I recently read a book from 1934* which makes reference to "the special vehicle for exploiting patent monopolies", which seems to be about the same thing as a patent troll. Only briefly, though, apparently expecting the contemporary reader to be fully aware of the issues involved.
The same book also bewails what's now called a patent thicket (they don't seem to have had a specific term for it at the time), mentioning for instance a mechanical loom which had to license 80 different patents.
*Technics and Civilization, by Lewis Mumford
...here's a report that HMRC is blocked:
I'd've thought he'd fit right in in Toronto.
Wow. Thanks for the link.
The only way this could have been even cooler is if the TV adaptation of "The Canal" had had the same cast as the radio episode it was based on-- which included guest star Valentine Dyall, the future Black Guardian!
Is the massed mainstream media all incorrect in reporting that the program bracketing Who's initial slot along with Grandstand was something called Juke Box Jury?
The idea of Doctor Who scheduled right next to Telegoons is too wonderful for my mind to comprehend.
"Genes don't record who raped who."
...unless they're in mitochondria or Y chromosomes.
Argh, I mean "...headed EAST for new lands across Beringia...". Muphry's Law [sic] strikes again.
...at the time. Keep in mind that the ancestors of most of today's Indo-European-speaking European inhabitants didn't actually arrive in Europe until at most 3-4000 years ago. What we're talking about here is a population where one part headed west for new lands across Beringia, and another part just kept bouncing around inner Asia for the next several thousand years.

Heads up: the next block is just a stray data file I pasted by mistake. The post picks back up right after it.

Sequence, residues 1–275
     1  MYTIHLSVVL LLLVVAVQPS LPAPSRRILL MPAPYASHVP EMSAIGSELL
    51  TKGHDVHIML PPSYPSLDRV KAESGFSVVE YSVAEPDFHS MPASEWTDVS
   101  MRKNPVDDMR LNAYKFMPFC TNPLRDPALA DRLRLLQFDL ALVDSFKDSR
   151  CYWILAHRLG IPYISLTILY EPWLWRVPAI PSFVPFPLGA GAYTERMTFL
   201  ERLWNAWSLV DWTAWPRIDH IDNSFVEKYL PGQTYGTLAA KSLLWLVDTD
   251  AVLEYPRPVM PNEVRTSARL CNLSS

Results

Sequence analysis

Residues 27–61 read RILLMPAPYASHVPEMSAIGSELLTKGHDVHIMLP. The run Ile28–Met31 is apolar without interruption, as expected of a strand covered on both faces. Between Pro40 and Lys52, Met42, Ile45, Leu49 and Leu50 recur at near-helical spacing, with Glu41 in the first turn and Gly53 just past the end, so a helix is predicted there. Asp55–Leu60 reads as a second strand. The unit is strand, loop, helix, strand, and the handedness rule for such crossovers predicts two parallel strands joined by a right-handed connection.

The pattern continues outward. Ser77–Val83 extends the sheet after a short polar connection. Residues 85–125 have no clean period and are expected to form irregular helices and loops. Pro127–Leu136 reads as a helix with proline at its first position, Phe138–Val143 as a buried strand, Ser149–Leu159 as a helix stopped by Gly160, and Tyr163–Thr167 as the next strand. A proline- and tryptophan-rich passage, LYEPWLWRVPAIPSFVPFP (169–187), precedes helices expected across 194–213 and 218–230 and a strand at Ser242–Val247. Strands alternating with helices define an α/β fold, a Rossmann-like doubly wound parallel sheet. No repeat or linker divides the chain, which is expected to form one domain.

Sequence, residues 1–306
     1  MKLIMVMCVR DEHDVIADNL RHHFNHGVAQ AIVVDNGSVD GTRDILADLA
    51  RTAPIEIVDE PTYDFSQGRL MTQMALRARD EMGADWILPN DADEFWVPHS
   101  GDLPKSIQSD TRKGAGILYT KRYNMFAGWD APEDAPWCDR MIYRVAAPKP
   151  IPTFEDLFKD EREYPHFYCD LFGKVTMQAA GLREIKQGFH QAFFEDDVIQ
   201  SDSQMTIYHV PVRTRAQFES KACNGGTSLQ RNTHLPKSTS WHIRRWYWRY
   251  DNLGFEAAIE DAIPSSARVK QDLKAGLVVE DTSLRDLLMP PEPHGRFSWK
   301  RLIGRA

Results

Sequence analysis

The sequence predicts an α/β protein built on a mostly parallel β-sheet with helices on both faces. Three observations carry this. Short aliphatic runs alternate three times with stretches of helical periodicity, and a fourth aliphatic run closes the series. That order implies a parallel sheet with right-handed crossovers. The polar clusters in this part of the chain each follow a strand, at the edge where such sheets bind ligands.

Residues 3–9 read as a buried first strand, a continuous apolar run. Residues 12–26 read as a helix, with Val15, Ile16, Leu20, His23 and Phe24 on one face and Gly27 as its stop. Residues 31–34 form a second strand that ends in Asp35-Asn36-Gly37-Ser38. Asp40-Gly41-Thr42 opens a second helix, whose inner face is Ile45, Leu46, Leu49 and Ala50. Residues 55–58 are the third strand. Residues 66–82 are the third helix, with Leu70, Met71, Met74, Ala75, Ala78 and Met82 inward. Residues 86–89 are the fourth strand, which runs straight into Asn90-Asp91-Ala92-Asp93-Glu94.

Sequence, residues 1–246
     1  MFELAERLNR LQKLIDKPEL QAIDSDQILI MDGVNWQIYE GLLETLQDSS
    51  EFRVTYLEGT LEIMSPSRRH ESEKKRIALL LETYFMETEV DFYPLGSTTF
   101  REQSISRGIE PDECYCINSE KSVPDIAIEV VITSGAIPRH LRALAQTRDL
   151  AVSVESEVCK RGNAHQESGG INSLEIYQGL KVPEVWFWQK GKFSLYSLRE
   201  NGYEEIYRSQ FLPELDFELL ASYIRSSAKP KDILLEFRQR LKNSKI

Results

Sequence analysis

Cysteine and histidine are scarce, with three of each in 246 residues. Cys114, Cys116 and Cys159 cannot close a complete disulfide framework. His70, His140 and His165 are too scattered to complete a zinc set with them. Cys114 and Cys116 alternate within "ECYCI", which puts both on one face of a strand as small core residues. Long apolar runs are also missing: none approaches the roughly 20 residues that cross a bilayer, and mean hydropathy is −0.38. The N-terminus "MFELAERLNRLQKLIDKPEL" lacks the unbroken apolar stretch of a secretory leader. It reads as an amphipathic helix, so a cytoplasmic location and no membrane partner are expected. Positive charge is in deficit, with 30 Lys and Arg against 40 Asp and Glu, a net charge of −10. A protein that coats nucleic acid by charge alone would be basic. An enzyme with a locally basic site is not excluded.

"No robot in TV history has enjoyed such renown as K-9"
I dunno, if you can remember K-9's heyday then you can also remember KITT, and there were way more people watching Knight Rider back in the day.
K-9 is probably more recognizable to today's young 'uns, though...
The episode count was typically 4 episodes in the Tom Baker and later eras, but typically 6 before that.
I do remember watching movie-style edits of some Baker stories, with opening credits only at the beginning, and closing credits only at the end, on my local PBS station-- they'd run individual episodes on weekdays and then the movie versions Friday or Saturday nights. IIRC, when BBC America first came into being, part of their programming was a seemingly random rotation of the movie edits.
Simply because it contains my favorite Delgado bit ever: Having finally schemed his way into capturing the Doctor's TARDIS for his own use, the Master looks over the decrepit equipment and the state of the Doctor's haphazard attempts to get it working again, and finally mutters, "Might as well try flying a secondhand gas stove!"
Indeed, there's no way to reconcile those movies with the series...
OTOH, when I say I like "all the classic Doctors", I do include Richard Hurndall and Michael Jayston.
Yeah, you're always going to have a special place in your heart for whichever Doctor got you to keep watching.
I was 5 when the local PBS station started airing it, and the very first episode I saw was the start of "Robot". I didn't fully understand what was going on, but it looked like fun...
Least favorite classic doctor: I don't like the McCoy era as much as the rest, but I don't have any problems with McCoy's portrayal, more with the writing during that time.
I can't tell if the "nascent" fandom is supposed to mean DW fandom specifically or Australian science fiction fandom in general. If the latter, Australia had hosted its first World Science Fiction Convention, which requires a well-established and organized local fan community, in 1975.
It hadn't occurred to me that Tegan would be one of the top scorers, especially, in comparison to the much less stressful lives of her contemporaries! No wonder she eventually ran off saying "I've had enough!"